A United Nations expert is calling for global assistance in addressing the climate crisis in The Bahamas.
Attiya Waris, the UN’s Independent Expert on foreign debt, international financial obligations, and human rights, stated that The Bahamas must engage in long-term financial planning to tackle its susceptibility to climate changes and reliance on tourism. This was expressed at the conclusion of a 10-day trip to the nation.
Financial aid challenges
Ms. Waris observed that The Bahamas’ classification as a high-income nation limits its capacity to obtain loans from global financial institutions and gain access to aid for development.
She stated that the international community, along with international financial institutions and development banks, should provide support.
Mr. Waris urged The Bahamas and the international community to consider using a different measure for comparison rather than solely relying on Gross Domestic Product (GDP) per capita.
This suggestion is based on the understanding that the country is dealing with specific difficulties, such as a high cost of living and a continuous susceptibility to severe climate-related disasters, that require a larger portion of resources compared to other states.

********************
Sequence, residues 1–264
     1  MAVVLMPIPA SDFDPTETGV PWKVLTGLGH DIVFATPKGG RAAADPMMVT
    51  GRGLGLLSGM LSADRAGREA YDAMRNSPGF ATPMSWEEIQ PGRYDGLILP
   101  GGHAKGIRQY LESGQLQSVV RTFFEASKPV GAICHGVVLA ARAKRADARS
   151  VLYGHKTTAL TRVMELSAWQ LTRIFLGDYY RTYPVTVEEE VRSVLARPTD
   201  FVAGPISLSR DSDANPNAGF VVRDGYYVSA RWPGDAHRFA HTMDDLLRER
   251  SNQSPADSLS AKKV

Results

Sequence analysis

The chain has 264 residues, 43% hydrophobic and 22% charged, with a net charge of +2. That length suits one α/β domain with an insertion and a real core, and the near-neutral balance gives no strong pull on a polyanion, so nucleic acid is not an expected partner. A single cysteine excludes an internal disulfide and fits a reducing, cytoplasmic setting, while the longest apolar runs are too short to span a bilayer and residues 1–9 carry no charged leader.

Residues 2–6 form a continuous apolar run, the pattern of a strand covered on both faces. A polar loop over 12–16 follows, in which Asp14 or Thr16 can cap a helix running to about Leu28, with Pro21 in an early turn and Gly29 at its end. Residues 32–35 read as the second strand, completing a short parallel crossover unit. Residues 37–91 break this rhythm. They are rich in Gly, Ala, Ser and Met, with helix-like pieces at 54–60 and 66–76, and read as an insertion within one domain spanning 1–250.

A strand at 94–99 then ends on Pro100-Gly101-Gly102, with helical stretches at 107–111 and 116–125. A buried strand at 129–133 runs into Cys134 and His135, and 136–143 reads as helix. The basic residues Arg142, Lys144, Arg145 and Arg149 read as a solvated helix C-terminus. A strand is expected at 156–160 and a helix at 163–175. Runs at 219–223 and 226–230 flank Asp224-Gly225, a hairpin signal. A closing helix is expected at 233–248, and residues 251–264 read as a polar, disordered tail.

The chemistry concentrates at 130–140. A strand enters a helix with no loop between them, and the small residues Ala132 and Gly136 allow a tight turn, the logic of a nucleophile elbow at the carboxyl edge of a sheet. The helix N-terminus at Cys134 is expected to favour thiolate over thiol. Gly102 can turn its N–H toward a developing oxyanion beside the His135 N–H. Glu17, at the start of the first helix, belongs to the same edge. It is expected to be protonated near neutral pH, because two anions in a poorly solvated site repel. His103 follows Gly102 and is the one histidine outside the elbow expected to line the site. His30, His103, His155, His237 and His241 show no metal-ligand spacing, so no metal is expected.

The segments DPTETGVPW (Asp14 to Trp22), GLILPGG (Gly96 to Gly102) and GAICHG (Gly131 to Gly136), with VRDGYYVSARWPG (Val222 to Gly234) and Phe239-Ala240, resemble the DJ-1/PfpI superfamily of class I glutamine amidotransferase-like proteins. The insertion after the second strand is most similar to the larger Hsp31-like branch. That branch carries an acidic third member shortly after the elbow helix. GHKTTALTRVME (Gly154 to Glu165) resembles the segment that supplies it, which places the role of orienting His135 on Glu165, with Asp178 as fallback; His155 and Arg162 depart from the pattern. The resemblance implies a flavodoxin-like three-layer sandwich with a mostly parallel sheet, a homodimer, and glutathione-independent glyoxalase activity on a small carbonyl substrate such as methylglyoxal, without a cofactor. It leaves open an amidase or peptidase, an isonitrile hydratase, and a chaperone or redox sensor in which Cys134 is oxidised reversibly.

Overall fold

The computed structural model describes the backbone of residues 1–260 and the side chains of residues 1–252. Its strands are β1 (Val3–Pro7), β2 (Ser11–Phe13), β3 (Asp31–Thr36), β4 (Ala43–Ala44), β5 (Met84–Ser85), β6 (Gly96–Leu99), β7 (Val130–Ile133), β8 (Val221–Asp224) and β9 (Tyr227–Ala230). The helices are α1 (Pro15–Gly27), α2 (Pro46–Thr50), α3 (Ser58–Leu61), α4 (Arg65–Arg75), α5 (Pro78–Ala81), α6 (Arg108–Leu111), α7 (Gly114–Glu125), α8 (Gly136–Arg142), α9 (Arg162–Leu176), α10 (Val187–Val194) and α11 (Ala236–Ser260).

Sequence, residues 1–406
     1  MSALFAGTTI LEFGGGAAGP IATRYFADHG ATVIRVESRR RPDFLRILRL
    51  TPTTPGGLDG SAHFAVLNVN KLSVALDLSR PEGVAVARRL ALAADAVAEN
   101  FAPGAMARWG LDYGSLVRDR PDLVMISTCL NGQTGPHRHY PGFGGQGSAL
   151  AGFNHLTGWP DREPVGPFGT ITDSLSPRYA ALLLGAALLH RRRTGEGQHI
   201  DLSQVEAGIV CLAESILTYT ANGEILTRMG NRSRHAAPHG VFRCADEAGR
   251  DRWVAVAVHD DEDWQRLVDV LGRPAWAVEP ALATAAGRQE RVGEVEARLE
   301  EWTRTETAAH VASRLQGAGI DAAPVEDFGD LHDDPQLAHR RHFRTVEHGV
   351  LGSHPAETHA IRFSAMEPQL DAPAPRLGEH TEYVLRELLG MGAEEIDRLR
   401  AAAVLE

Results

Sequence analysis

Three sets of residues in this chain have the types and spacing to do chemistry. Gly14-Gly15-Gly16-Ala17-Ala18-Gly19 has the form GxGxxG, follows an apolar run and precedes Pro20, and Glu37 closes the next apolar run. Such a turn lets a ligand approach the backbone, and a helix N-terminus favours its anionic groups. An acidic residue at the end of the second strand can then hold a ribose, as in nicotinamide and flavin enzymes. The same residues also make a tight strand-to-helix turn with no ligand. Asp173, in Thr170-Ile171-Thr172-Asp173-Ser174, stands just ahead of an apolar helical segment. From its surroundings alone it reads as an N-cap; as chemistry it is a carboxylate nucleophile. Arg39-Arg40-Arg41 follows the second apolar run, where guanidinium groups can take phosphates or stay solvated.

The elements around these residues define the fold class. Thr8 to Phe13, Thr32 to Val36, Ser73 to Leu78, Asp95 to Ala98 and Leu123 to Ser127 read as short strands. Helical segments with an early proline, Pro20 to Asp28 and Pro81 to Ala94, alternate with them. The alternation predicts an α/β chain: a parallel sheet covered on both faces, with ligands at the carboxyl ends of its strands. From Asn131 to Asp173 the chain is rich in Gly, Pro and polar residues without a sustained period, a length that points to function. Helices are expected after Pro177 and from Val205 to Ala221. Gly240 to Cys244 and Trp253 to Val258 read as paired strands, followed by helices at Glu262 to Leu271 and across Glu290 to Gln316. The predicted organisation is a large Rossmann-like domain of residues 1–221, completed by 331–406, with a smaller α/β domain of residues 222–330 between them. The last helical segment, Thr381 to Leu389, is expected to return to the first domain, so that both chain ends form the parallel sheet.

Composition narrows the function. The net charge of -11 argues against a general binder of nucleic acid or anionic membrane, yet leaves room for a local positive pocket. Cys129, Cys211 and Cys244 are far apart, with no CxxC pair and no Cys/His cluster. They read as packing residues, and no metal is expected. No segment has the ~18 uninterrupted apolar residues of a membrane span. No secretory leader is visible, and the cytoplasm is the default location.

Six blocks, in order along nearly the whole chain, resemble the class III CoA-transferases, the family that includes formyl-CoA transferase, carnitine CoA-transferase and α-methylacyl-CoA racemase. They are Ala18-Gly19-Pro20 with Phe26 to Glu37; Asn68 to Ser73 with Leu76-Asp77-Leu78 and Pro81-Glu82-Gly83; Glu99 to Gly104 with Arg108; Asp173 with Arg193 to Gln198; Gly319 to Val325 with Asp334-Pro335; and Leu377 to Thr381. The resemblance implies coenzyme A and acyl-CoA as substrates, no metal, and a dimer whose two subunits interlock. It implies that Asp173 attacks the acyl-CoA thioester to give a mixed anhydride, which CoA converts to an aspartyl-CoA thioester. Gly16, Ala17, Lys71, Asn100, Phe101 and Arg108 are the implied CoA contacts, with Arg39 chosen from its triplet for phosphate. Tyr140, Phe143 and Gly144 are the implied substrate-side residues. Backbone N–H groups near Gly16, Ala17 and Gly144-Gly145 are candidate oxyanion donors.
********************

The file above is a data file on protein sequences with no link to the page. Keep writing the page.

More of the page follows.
Costs incurred by the tourism industry due to natural disasters
She emphasized the importance of tourism as a crucial aspect of The Bahamas’ economy.
In the past ten years, the country has experienced five significant hurricanes. The most recent one was Hurricane Dorian in 2019, which caused extensive damage totaling $3.4 billion, equivalent to almost 25% of the country’s GDP.
According to the expert, the combination of Hurricane Dorian, COVID-19, and a decrease in tourism had a devastating effect on both the people and economy of the country.
The nation is currently making payments to cover the debt accumulated during the reconstruction process and will continue to do so for a significant amount of time.
Economic diversity needed
She urged the Government to prioritize creating a comprehensive and long-term economic plan that considers the effects of climate change.
Furthermore, she proposed considering alternatives to lessen the nation’s substantial dependence on the tourism industry, improve access to food, and utilize local creativity as a way to vary the economy.
In March 2024, the UN Human Rights Council will receive these recommendations.
Ms. Waris emphasized the shared obligation of the global community to address climate change and its impact, urging that it not be disregarded.
The Human Rights Council selects UN independent experts to oversee particular country situations or topics.
They serve in their own personal roles and are not employed by the United Nations. They do not receive monetary compensation for their contributions.
The source of the information is from the United Nations news website.